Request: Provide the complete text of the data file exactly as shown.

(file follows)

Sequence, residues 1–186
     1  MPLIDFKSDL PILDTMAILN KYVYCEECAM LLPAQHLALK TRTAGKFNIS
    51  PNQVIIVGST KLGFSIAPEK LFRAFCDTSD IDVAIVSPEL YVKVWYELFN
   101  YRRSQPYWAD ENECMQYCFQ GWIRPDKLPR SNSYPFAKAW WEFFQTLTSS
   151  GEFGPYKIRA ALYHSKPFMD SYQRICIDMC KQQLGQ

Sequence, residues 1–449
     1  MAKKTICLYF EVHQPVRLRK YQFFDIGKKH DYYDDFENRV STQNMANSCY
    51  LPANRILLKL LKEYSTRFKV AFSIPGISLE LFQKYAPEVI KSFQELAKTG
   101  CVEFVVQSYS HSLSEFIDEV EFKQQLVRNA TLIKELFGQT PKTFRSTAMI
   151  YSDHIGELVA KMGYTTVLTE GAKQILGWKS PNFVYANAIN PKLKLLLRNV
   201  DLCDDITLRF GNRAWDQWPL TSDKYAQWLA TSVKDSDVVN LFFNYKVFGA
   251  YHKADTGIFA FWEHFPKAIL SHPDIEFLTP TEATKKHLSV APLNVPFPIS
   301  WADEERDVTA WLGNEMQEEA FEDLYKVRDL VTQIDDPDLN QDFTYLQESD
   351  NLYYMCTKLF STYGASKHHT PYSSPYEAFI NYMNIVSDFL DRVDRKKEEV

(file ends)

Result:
Sequence, residues 1–186
     1  MPLIDFKSDL PILDTMAILN KYVYCEECAM LLPAQHLALK TRTAGKFNIS
    51  PNQVIIVGST KLGFSIAPEK LFRAFCDTSD IDVAIVSPEL YVKVWYELFN
   101  YRRSQPYWAD ENECMQYCFQ GWIRPDKLPR SNSYPFAKAW WEFFQTLTSS
   151  GEFGPYKIRA ALYHSKPFMD SYQRICIDMC KQQLGQ

Sequence, residues 1–449
     1  MAKKTICLYF EVHQPVRLRK YQFFDIGKKH DYYDDFENRV STQNMANSCY
    51  LPANRILLKL LKEYSTRFKV AFSIPGISLE LFQKYAPEVI KSFQELAKTG
   101  CVEFVVQSYS HSLSEFIDEV EFKQQLVRNA TLIKELFGQT PKTFRSTAMI
   151  YSDHIGELVA KMGYTTVLTE GAKQILGWKS PNFVYANAIN PKLKLLLRNV
   201  DLCDDITLRF GNRAWDQWPL TSDKYAQWLA TSVKDSDVVN LFFNYKVFGA
   251  YHKADTGIFA FWEHFPKAIL SHPDIEFLTP TEATKKHLSV APLNVPFPIS
   301  WADEERDVTA WLGNEMQEEA FEDLYKVRDL VTQIDDPDLN QDFTYLQESD
   351  NLYYMCTKLF STYGASKHHT PYSSPYEAFI NYMNIVSDFL DRVDRKKEEV